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Stephen Harper defends free-trade deal with Colombia

Canadian Prime Minister Stephen Harper shakes hands with a soccer player as he visits the Soacha Youth Development Centre in Soacha, Colombia, Aug. 10, 2011.

Adrian Wyld/The Canadian Press/Adrian Wyld/The Canadian Press

Stephen Harper defended his decision to sign a free-trade deal with Colombia – which takes effect next week – saying those who oppose an agreement on human-rights grounds are protectionists in disguise.

Mr. Harper visited the Colombian capital of Bogota on Wednesday, set in a high plateau of the Andes Mountains, to celebrate Canada's newest free-trade partner.

Canada is the first Group of Eight country to sign a deal with Colombia, having beaten the United States to the punch. A U.S.-Colombia FTA is held up in Congress by lawmakers who say they're worried about human-rights concerns such as treatment of union officials.

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Mr. Harper's stopover, part of a four-country Latin American tour, came just after a stark reminder of the realities of doing business in Colombia, a country plagued by rebels, criminal gangs and drugs.

Just days ago, a small Canadian company's oil operations were attacked by what Colombian military officials say were FARC rebels, who have been fighting the government for decades. The rebels set fire to an oil reservoir owned by Canada's Alange Energy, a TSE-listed firm that recently changed its name to PetroMagdalena Energy.

Mr. Harper was passionate, however, about his decision to grant Colombia preferential access to Canada's markets, saying its human-rights record is improving and that expanded trade can only help the country of 46 million.

"There are enormous benefits for an important friend and ally that is struggling with deep issues of poverty in this part of the world and has great potential if they get a helping hand, and a steadfast friend from a country like ourselves," Mr. Harper said.

He said U.S. lawmakers must approve the American FTA with Colombia.

"No good purpose is served in this country or in the United States by anybody who is standing in the way of the development of the prosperity of Colombia," he said. "We can't sit around; we can't block the progress of a country like this for protectionist reasons and try to use human rights as a front for doing that."

Amnesty International recently commended Colombia for progress on human rights during the tenure of President Juan Manuel Santos but said the country still faces serious problems. The watchdog group said civilians continue to suffer the impact of the armed conflict with rebels, adding that security forces have often been as responsible as guerrillas and paramilitaries for "grave abuses" of human rights.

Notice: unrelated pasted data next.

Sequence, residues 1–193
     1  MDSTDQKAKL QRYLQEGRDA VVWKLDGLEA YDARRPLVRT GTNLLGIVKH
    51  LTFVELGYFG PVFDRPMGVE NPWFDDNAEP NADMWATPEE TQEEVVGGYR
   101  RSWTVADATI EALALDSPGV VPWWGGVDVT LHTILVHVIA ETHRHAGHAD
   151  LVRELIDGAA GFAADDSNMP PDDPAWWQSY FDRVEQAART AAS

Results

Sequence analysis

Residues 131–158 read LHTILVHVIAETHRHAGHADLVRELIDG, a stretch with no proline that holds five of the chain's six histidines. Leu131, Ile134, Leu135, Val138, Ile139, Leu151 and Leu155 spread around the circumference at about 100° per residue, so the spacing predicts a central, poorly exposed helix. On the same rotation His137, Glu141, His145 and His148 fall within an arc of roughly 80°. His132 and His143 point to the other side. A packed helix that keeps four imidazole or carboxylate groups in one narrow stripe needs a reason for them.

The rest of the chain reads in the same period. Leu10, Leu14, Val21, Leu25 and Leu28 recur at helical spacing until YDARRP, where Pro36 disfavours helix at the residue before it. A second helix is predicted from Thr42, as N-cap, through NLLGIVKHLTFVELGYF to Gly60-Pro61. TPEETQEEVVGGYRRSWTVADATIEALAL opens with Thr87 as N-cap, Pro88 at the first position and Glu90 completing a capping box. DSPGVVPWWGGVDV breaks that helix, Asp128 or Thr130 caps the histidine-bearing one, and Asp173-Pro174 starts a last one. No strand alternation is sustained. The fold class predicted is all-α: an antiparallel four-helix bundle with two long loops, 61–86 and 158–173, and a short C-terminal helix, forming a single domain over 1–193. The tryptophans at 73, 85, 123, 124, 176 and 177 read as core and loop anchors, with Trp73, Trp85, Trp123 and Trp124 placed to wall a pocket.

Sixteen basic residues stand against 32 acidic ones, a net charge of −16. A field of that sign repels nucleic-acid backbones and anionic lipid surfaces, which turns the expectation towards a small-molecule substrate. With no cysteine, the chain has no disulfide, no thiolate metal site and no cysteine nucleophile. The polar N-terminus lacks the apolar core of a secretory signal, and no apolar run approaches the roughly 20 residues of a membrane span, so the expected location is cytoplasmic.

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Security is still a major challenge in Colombia. There are vast disparities in wealth; the country's poverty rate exceeds 40 per cent. There are 6,000 police stationed on the streets of Bogota to keep order.

More than 70 Canadian companies operate in Colombia today, an increase in recent years that reflects the country's improving security situation. Mr. Santos said things are far better as the government gains ground on the rebels and disrupts their drug trafficking.

"If you ask any foreign investor, they will tell you security in Colombia has improved substantially," Mr. Santos told reporters.

The FARC rebels, who have been fighting Bogota for years, are diminished today as dispirited fighters leave their ranks.

Talisman Energy executive Chris Spaulding says the jump in Colombia's oil output reflects the increasing ability of foreign firms to operate locally. Production is climbing from 500,000 barrels per day five or six years ago and is soon expected to pass one million barrels a day.

"If you look at Colombia 10 years ago and where it is now, it's totally, totally different," said Mr. Spaulding, vice-president of new business development for Latin America.

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"The petroleum industry is able to get in the areas that we're interested in, do the work we need to do, develop the resources, develop the projects, and produce the oil and gas. The security does pose some challenges. The government recognizes there are some challenges and they're working with the industry and we're working with them to address those challenges," he said. "It's a place that we can do business, but you've got to think about the security situation."

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